Discriminate Weight Loss

By Joshua Trentine, OVERLOAD Fitness

If I look back over the last 20 plus years of training people, the most common goal I have heard from them is, “I would really like to lose some weight.” Is it possible that the average person is really this out of touch with their goals or has this just become the language we loosely use to describe a situation? Regardless, I would like to enhance our language sophistication and clarify what I believe the real goal is when a client makes this statement. I believe that if we don’t state our goals clearly and have a fi rm understanding of what they mean then the path to achieving them will become blurry.

I do not believe that most, if any, clients should be concerned about “cutting weight” unless they might be a competitive athlete trying to make a weight class for sport. I do believe that what is meant by this statement is that the client is hoping to lose body fat and trying to improve overall body composition (ratio of fat to lean mass). This is often called discriminate
weight loss and this differentiation is well worth mentioning when assessing a means to the end goal.

When many people embark on the ambiguous goal of just “weight loss,” they may create a plan of deprivation, they may go through periods of severe calorie restriction and begin a regiment of daily steady state activity (jogging, biking, walking etc.). If they approach their goal this way, they are likely to achieve that particular outcome, but is that what was really desired? I say no, let’s explore this further.

Let’s just say a person consistently follows the plan above and they do achieve their hypothetical 20 pound weight loss goal. From my experience, the person who does this, in this manner, will likely lose close to 10 pounds of muscle and around 10 pounds of fat in the process. Both long duration steady state activity and severe calorie restriction will result in some fat loss, but will also cause sarcopenia-muscle wasting. The end result, if carried too far or too long, will be metabolic damage—a reduction in metabolic rate due to a loss of lean mass and a disruption of optimal thyroid and adrenal hormone output. The result of this metabolic damage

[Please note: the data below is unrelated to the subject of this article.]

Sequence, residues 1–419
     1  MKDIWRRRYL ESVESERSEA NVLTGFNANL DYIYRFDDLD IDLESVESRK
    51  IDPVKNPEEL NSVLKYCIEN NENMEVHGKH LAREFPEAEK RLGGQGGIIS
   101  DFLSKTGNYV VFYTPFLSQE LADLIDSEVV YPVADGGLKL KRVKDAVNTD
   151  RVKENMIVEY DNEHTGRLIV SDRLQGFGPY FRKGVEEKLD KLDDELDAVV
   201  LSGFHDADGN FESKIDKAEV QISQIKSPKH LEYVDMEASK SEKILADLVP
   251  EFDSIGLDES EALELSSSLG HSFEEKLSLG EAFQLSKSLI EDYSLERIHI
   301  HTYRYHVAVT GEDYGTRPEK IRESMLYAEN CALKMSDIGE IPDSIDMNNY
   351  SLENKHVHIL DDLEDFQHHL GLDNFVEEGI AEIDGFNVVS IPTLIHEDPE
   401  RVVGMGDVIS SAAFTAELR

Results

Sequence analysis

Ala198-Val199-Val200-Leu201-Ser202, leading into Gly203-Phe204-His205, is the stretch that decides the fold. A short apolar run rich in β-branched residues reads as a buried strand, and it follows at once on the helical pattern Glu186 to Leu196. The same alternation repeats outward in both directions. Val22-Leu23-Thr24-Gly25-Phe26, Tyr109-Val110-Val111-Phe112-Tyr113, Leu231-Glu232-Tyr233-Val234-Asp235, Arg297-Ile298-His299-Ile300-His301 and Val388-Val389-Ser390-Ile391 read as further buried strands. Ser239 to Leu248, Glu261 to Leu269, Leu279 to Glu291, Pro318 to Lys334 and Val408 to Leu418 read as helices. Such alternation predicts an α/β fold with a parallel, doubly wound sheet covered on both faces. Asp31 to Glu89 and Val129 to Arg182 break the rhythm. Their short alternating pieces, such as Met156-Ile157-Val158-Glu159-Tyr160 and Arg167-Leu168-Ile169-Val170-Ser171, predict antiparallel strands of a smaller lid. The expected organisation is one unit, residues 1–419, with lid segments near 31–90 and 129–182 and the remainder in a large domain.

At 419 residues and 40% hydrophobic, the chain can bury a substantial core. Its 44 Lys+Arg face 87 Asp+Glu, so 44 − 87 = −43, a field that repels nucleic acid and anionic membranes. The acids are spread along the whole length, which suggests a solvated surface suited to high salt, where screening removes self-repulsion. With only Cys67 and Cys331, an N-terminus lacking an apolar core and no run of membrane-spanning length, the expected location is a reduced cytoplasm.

could be a rapid fat gain if, or when, normal or higher levels of calories are introduced. The metabolic damage can cause a loss of functional abilities and may contribute to the degenerative process, which means more rapid aging.

The method to achieving discriminate weight loss, primarily fat loss, is really quite simple…

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Modern Technology is Making Treatment of Leg Veins Easier and More Effective Than Ever

Venous insuffi ciency is one of the most common medical conditions with roughly one in five Americans affected by the condition to some extent. While the most common form of the condition is varicose veins, it can appear in other forms, such as leg swelling, the development of smaller spider veins, and multiple symptoms such as aching, throbbing, heaviness, tiredness, muscle cramps, and restlessness of the legs.

Traditional medicine has often taken the approach that the only time that leg veins justify treatment is when large bulging varicose veins are present, or if the patient has some combination of the most severe symptoms listed. In this sense, only around half of patients with documented venous insufficiency and symptoms would have been referred for any degree of treatment. If they were lucky, they might just be told to wear stockings for the rest of their lives, but often they were told that nothing could be done for them, or that it “just goes with being a woman,” and that for some  reason they are obligated to just “put up with it”. Why is this?